Why cant we just make internal/cpu public as package cpu in standard lib?

We've tried to stop adding new packages to std, preferring everything to be public where it can have its own release cadence. (e.g. fix bugs today, don't wait 6 months.... https://golang.org/doc/faq#x_in_std)

@martisch
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martisch commented Sep 11, 2019

We've tried to stop adding new packages to std, preferring everything to be public where it can have its own release cadence. (e.g. fix bugs today, don't wait 6 months.... https://golang.org/doc/faq#x_in_std)

I am aware of that but I think that point will lose some of its appeal when we hide the coupling with runtime internals under the hood with build tags and unsafe. We also have exposed other std lib/runtime functions in new std lib packages lately like bytes/hash that are coupled to the runtime.

If we will have a serious bug in CPU feature detection I would want to fix that for the runtime in a point release too instead of waiting 6 months.

@bradfitz
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I sent https://go-review.googlesource.com/c/sys/+/194646 to remove the encoding/binary dependency at least.

We don't use maps as-is. Maybe that complicates the GODEBUG parsing, but we have the code already without it, and it's not particularly performance sensitive.

For hwcap, perhaps a new //go: directive before the variables? Today we have:

// These are initialized by archauxv in runtime/os_linux_arm64.go. 
var HWCap uint
var HWCap2 uint

Those could be:

//go:hwcap1
var HWCap uint
//go:hwcap2
var HWCap2 uint

And any package (or one package under different versions) could all get it initialized.

@ianlancetaylor
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Probably many people know this, but some background.

Right now the HWCap variables in internal/cpu are initialized by rt0_go => args => sysargs => (on GNU/Linux and FreeBSD) sysauxv => archauxv (on AIX they are initialized by rt0_go => osinit => setupSystemConf). The additional variables in internal/cpu are initialized by cpu.Initialize, which is called by rt0_go => schedinit => cpuinit. It is cpuinit that fetches the GODEBUG environment variable,and cpu.Initialize that parses it. This means, and this is a key point, that the internal/cpu variables are initialized before package initialization is run, and in particular before alginit is done, and therefore before any maps are created.

Any attempt to replace internal/cpu with x/sys/cpu needs to preserve that property.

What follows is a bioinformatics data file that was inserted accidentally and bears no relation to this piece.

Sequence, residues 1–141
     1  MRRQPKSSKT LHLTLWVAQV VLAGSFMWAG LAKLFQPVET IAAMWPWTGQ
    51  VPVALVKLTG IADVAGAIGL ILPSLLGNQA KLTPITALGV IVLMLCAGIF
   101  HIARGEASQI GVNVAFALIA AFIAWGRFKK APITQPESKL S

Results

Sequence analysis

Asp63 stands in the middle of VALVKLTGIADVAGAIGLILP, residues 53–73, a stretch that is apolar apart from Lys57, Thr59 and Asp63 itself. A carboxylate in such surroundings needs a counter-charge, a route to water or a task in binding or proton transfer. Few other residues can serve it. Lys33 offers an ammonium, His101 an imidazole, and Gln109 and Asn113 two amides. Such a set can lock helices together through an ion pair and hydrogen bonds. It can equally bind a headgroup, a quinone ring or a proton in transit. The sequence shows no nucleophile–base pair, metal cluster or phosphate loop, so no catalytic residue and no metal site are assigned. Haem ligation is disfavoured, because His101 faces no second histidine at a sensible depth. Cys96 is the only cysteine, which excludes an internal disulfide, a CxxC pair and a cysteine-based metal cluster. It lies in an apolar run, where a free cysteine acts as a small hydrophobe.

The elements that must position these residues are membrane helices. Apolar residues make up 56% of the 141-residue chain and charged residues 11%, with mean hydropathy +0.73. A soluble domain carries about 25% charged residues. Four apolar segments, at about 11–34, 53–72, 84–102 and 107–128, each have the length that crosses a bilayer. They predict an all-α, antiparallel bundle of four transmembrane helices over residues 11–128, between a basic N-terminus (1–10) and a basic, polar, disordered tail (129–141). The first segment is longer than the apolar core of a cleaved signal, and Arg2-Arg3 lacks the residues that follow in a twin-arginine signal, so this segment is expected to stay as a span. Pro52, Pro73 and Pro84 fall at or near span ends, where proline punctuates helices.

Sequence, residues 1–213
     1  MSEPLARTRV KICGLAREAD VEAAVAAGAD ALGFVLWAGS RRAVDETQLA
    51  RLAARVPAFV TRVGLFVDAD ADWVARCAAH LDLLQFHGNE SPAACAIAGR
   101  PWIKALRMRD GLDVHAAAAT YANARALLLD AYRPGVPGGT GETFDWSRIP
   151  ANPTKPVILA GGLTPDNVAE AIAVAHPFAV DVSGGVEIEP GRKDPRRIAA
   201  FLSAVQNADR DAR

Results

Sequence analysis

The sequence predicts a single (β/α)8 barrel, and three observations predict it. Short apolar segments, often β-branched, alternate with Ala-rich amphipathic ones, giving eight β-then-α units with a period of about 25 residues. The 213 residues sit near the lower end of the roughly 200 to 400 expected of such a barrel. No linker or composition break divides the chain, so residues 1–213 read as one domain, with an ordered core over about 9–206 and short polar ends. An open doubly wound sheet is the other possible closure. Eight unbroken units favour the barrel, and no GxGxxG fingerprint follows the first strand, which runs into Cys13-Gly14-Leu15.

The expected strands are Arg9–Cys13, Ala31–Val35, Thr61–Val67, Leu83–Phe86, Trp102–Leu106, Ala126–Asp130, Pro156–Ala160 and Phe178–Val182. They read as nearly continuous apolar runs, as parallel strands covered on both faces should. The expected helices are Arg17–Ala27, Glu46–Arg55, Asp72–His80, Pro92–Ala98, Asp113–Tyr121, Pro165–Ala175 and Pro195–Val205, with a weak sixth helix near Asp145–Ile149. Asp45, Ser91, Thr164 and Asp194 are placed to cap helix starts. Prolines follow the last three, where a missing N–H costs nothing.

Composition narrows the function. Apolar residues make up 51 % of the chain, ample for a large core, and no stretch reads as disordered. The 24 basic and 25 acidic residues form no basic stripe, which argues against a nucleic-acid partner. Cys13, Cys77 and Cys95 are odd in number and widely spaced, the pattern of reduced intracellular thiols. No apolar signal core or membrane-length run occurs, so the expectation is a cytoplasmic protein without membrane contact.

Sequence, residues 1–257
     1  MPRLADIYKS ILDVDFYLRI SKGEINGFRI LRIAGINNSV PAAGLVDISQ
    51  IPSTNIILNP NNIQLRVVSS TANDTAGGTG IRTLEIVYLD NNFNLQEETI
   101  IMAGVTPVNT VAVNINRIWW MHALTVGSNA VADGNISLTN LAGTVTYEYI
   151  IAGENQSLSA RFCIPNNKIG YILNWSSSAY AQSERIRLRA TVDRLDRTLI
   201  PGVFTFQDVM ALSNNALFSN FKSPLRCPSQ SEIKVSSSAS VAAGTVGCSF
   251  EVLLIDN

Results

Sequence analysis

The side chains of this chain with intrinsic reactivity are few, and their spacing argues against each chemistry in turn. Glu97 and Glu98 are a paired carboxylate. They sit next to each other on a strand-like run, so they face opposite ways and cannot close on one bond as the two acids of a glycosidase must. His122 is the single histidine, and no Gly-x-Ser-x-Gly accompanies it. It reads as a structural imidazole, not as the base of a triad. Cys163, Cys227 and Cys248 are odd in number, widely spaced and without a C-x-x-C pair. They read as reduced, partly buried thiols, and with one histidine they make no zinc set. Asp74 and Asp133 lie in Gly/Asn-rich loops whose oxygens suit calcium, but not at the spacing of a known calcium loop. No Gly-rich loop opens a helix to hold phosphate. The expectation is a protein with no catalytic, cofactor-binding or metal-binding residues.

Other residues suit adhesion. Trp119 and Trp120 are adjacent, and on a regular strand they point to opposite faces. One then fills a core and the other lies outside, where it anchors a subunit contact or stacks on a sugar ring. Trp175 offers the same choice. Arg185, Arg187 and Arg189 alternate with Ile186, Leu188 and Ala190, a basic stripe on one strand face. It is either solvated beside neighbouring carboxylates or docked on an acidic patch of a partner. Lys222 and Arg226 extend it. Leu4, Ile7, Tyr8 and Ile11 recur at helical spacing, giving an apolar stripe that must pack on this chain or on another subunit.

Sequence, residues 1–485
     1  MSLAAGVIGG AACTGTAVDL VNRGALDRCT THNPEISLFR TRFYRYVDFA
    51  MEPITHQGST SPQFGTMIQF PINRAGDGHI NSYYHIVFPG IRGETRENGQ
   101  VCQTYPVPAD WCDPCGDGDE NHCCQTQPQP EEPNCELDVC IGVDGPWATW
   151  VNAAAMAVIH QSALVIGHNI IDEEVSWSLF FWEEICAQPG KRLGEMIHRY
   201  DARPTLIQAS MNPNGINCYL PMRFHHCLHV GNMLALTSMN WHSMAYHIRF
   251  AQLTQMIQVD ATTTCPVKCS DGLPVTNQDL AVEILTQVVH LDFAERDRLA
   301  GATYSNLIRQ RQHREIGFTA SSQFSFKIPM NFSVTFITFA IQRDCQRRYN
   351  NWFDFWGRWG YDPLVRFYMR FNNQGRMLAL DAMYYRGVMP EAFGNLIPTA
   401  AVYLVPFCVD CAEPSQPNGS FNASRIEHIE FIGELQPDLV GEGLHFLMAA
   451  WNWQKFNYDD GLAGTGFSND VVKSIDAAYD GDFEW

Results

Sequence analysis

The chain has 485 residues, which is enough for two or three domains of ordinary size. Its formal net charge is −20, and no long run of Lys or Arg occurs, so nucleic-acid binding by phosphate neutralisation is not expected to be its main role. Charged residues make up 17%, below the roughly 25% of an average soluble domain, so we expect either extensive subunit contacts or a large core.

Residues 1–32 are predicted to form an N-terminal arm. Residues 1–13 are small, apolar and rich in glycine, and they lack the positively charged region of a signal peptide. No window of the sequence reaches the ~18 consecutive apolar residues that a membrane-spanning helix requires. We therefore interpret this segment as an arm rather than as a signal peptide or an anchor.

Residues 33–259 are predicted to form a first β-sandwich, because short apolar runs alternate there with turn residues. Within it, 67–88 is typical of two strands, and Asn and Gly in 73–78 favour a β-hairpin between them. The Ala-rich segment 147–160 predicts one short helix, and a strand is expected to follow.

If we vendor x/sys/cpu, and update the initialization so that it works with the vendored x/sys/cpu replacing internal/cpu, then the initialization will only affect the vendored copy. It won't affect user imports of golang.org/x/sys/cpu.

Using //go:hwcap comments is an interesting idea but we also need to run cpu.Initialize before package initialization, and that does not seem appropriate for a magic comment.

One approach might be

  1. Change internal/cpu to not rely on variables being initialized by the runtime package. Instead, pass those variables to cpu.Initialize. The values are CPU-specific but the types are not.
  2. Move internal/cpu to golang.org/x/sys/cpu/internal/details.
  3. Vendor golang.org/x/sys/cpu/internal/details into the standard library, and use it instead of internal/cpu.
  4. Change x/sys/cpu to refer to x/sys/cpu/internal/details with declarations like var X86 = details.X86.
  5. Change x/sys/cpu to add an init function that reads the hwcap values however it likes, and the GODEBUG variable, and calls details.Initialize with them.

At first glance I think that handles everything except that the godoc for x/sys/cpu might be bad.

@tmthrgd
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tmthrgd commented Sep 12, 2019

Just a drive by comment @ianlancetaylor.

  1. Change x/sys/cpu to refer to x/sys/cpu/internal/details with declarations like var X86 = details.X86.

Instead of this, which as you note would make the documentation confusing, what if x/sys/cpu just redeclared all the var X86 struct{ ... }, as it does now, and copied them from x/sys/cpu/internal/details in init. That could be done field by field or perhaps using unsafe.

Something like:

package cpu

import "golang.org/x/sys/cpu/internal/details"

var X86 struct{
	HasAES bool // AES hardware implementation (AES NI)
	// ...
}

func init() {
	X86.HasAES = details.X86.HasAES
	// ...
}

That way the godoc is exactly the same as it is now. The struct declarations and the copying could even be automated with go generate to keep them in sync

@ianlancetaylor
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Sure, we could do that, but it's less than ideal because then we have two copies of all the types. Let's see if we can figure out a better way.

@bcmills
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bcmills commented Sep 13, 2019

If we vendor x/sys/cpu, and update the initialization so that it works with the vendored x/sys/cpu replacing internal/cpu, then the initialization will only affect the vendored copy. It won't affect user imports of golang.org/x/sys/cpu.

There is an interesting interplay with #30241.